Monday, April 30, 2012
Raspberry Angel Food Cake for Bake Together
I’ve been thinking about this cake all month and have been excited for the moment I could get in the kitchen and bake it. This month, Abby Dodge shares her terrific Angel Food Cake for April’s Bake Together recipe, along with some tempting variations. Yes, angel food cake ... that airy, eat-way-more-than-you-intend-to cake. My family has been known to devour an entire angel food cake in one sitting, pulling off one pillowy hunk after another.
For my version, I mashed fresh raspberries to dollop in the batter, reserving some of the juice to mix into whipped cream to frost the cake. Mixing up an angel food cake is a gentle process – you want to keep it as light as possible. And I love the way angel food cake cools, suspended upside down on a wine bottle to keep the cake tall and majestic.
This is the first time I’ve baked an angel food cake and I can safely say I will not be buying a store-bought one again. After sneaking a small bite of the cake, my plan to wait for my family to come home went out the window and I had to sit down and enjoy a slice immediately. Softly textured, snow white, studded with raspberries and slathered in blush pink whipped cream ... definitely the food of angels!
This stunning cake would be lovely for a Mother’s Day brunch, a summer birthday, or just because. I can tell you it is divine eaten straight from the pan, and is heavenly with berries and cream. I can’t wait to bake it again!
Raspberry Angel Food Cake
Adapted slightly from Abby Dodge’s Tangerine Angel Food Cake
1 cup cake flour
1 1/4 cup powdered sugar, plus 1 tablespoon
1/4 teaspoon kosher salt
11 large egg whites, room temperature
1 1/2 teaspoons cream of tartar
1 cup superfine sugar
2 1/2 teaspoons vanilla, divided
1 cup fresh raspberries, mashed lightly and juices reserved
2 cups whipping cream, chilled
Preheat the oven to 350 degrees. Pull out a 10 x 4–inch angel food cake pan (do not butter or grease the pan). Have a wine bottle ready to hold the pan in a level, upside-down position for cooling.
Sift the flour, 1 1/4 cups powdered sugar and salt together three times (Abby says “no joke – THREE times”) onto a piece of parchment paper and set aside.
In a large bowl, beat the egg whites with an electric mixer fitted with the whisk attachment on medium-low speed until foamy. Add the cream of tartar, increasing speed to medium, and beat until whites are opaque and climbing about half way up the bowl (the tracks from the whisk will be beginning to hold their shape) forming very soft peaks. Continue beating while slowly and continuously adding the superfine sugar. Beat on medium high until the whites are thick, shiny and form medium-firm, fluffy peaks. (The peaks should droop over gently.) Do not over beat. You want to leave some room for those whites to expand in the oven. Add 1 1/2 teaspoons vanilla. Beat just until blended, about 10 seconds.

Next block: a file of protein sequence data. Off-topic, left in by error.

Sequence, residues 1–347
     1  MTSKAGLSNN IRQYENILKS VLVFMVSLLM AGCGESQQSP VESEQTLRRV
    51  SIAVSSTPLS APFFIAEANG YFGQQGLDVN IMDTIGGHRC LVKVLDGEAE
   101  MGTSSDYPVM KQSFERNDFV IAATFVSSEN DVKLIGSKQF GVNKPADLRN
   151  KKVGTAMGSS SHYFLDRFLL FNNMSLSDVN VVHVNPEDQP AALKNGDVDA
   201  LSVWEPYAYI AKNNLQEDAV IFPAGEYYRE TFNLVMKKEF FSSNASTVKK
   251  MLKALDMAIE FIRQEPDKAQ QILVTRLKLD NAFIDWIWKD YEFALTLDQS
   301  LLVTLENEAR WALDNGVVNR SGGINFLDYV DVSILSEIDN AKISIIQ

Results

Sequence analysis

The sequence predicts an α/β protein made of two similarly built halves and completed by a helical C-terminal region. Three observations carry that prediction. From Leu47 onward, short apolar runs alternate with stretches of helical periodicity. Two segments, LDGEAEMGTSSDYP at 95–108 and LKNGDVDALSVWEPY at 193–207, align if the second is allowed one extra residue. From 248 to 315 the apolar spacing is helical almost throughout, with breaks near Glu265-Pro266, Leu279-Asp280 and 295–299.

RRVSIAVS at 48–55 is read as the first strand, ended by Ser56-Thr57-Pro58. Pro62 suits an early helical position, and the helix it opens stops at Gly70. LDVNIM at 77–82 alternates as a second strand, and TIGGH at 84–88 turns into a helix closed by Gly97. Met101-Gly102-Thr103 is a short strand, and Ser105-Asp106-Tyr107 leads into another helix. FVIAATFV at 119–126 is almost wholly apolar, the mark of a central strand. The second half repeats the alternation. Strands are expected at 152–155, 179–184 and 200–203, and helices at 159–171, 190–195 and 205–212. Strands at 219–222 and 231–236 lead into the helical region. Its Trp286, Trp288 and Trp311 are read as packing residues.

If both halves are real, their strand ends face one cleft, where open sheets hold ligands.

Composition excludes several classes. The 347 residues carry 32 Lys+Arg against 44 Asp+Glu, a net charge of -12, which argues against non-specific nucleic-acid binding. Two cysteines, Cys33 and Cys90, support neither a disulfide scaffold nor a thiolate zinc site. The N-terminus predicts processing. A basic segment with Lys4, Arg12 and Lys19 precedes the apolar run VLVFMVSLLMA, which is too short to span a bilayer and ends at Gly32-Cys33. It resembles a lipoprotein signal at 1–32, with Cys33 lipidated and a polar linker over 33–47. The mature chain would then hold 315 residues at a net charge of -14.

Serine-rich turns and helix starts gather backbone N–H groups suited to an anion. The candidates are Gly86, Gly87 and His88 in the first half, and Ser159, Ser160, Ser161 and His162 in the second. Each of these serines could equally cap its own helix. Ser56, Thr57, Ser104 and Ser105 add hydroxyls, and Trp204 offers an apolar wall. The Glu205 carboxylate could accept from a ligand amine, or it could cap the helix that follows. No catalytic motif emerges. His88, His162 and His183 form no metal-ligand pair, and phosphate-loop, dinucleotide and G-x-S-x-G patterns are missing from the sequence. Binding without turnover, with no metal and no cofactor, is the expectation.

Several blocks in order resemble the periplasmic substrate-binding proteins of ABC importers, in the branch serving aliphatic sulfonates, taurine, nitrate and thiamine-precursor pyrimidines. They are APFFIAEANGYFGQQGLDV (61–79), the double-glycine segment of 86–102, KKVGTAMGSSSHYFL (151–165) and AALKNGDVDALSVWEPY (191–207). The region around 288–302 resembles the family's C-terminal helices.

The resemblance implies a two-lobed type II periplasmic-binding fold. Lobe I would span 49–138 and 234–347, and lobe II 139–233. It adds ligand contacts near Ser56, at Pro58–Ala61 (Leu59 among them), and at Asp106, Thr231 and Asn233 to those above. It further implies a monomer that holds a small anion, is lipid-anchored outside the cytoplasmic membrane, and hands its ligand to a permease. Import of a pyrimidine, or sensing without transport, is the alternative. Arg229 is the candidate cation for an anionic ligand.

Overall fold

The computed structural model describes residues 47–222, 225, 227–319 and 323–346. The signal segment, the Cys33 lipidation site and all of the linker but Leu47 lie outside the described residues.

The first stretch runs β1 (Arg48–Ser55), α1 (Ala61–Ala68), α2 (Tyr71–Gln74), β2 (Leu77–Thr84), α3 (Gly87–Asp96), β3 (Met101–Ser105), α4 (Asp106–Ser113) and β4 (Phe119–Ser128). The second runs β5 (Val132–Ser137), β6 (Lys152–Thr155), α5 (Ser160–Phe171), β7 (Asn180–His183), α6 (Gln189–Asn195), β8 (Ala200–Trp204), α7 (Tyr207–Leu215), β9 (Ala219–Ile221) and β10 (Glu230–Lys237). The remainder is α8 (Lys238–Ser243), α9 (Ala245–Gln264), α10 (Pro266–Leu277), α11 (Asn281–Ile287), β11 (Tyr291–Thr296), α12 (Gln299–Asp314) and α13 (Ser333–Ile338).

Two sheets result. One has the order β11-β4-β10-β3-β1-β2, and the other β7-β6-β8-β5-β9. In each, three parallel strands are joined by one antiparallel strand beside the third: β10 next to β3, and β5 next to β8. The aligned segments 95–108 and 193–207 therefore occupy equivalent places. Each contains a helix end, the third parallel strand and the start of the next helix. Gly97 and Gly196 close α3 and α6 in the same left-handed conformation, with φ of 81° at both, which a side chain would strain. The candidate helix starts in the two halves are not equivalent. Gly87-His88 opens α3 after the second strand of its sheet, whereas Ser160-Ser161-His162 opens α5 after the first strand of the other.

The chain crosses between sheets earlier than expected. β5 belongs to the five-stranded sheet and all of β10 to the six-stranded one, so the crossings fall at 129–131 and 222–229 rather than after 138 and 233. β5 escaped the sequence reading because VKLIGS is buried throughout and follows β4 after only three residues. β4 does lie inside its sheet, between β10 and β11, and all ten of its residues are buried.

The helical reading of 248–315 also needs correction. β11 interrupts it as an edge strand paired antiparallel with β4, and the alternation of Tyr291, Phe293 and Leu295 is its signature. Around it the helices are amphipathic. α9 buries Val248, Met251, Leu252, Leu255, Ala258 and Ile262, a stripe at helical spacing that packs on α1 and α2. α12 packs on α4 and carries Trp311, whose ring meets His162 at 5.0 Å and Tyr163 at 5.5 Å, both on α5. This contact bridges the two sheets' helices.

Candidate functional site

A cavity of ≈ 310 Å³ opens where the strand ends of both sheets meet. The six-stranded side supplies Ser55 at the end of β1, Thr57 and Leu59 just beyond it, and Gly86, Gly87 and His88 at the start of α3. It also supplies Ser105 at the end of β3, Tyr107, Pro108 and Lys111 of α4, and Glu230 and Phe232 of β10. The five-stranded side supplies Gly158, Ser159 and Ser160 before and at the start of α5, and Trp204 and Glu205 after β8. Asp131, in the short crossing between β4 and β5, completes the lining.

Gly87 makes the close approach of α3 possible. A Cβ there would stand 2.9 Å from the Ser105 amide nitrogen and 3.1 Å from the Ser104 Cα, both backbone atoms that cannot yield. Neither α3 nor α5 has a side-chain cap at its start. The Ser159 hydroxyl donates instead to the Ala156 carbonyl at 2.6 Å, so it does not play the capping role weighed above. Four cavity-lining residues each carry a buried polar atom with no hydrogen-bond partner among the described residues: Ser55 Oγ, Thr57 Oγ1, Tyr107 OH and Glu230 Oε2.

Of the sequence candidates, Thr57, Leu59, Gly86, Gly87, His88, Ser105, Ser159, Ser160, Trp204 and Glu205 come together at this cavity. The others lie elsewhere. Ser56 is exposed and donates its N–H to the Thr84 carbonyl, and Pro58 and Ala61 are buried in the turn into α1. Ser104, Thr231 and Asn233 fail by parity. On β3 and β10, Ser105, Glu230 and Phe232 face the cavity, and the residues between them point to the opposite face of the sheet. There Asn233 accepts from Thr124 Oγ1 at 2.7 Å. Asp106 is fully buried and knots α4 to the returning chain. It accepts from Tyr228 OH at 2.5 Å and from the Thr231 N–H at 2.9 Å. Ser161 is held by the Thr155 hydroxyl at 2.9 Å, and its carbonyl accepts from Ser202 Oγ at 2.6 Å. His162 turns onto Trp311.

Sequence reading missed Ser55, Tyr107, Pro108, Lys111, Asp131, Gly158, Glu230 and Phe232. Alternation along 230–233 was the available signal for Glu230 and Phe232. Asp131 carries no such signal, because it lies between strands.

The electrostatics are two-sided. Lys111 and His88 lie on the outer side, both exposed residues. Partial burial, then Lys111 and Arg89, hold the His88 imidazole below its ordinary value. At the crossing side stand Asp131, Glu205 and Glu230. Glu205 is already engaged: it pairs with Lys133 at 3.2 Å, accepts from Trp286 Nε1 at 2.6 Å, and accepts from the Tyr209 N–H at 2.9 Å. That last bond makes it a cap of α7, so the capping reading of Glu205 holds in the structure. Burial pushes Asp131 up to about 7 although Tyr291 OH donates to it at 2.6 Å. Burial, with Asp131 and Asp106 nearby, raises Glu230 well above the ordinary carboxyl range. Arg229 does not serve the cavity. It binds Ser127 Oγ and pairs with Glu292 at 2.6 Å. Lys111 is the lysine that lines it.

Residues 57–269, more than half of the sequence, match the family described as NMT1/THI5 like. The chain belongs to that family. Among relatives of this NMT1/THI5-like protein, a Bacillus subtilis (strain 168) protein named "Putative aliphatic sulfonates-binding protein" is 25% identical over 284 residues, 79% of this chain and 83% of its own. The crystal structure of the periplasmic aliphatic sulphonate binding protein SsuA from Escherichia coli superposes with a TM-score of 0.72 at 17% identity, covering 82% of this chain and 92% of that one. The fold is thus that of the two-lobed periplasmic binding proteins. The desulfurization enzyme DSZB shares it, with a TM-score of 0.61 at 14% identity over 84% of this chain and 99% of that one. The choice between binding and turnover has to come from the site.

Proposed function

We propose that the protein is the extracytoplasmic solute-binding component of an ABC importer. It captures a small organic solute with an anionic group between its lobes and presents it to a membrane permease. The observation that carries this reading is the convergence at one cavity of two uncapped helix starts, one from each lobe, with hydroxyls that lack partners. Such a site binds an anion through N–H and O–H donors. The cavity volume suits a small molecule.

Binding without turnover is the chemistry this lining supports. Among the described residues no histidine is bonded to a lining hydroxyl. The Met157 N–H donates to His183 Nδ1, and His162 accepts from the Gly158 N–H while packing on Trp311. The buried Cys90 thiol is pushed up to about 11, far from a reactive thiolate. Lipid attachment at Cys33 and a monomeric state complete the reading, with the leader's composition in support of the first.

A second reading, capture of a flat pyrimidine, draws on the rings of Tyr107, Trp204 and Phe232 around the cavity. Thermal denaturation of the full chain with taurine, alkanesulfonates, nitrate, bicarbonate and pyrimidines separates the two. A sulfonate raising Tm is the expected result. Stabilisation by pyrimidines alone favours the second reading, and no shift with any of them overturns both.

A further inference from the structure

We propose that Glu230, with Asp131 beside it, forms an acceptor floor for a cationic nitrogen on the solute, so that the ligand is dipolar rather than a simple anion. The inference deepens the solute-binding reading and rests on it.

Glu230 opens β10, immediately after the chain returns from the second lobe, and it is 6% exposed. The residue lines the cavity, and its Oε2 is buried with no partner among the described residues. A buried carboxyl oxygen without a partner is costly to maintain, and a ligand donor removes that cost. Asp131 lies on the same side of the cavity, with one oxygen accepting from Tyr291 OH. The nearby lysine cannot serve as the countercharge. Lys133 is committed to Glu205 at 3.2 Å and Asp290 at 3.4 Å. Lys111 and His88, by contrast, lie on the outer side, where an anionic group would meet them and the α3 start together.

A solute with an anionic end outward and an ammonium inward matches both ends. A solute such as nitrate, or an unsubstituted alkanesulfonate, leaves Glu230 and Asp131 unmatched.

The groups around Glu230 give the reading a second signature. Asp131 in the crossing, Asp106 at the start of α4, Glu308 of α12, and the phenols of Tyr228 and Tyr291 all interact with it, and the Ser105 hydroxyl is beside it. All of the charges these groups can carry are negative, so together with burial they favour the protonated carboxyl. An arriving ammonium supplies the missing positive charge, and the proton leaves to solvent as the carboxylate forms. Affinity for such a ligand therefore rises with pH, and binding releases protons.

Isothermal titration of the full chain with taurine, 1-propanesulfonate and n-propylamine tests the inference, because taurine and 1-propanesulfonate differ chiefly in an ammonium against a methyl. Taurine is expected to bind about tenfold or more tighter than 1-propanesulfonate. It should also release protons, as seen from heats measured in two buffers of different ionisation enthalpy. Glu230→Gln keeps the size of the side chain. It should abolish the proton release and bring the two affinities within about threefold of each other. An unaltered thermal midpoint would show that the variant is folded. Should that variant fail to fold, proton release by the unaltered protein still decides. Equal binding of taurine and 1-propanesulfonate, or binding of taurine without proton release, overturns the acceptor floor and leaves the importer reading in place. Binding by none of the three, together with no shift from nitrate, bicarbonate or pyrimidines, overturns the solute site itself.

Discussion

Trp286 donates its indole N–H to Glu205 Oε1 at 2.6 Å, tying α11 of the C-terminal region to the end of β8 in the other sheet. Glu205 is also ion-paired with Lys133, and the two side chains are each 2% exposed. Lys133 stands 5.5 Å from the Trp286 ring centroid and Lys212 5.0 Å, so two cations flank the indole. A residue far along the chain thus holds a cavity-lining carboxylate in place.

Sift 1/4 of the flour mixture over the beaten whites. Using a large rubber spatula, gently fold the dry ingredients into the whites. Repeat with remaining flour mixture, one quarter at a time.
Using the spatula, spoon 1/3 of the batter into the cake pan and spread around the bottom. Gently dollop 1/2 of the mashed raspberries on top of the batter. Spoon the next 1/3 of batter on top, then dollop with the remaining raspberries. Spoon the last 1/3 of the batter on top and smooth. Bake until the cake is light golden brown and the cake is springy when touched, about 40 minutes. Immediately invert the pan onto the neck of the wine bottle and let cool completely.
In a large mixing bowl, beat the chilled cream until soft peaks form. Add the reserved raspberry juice (about 1/8 cup), 1 tablespoon powdered sugar and 1 teaspoon vanilla. Beat on low until mixed.
To remove the cake, rotate the pan, gently tapping the bottom edge of the cake pan on the counter as you turn it until the cake loosens from the pan. If necessary, run a long, thin knife between the cake and the pan and around the inside of the tube to loosen the cake. Slip the cake from the pan and gently lift it up from the center of the pan and arrange on a flat serving plate. Frost the cake with the whipped cream, or serve the cream on the side with slices of cake.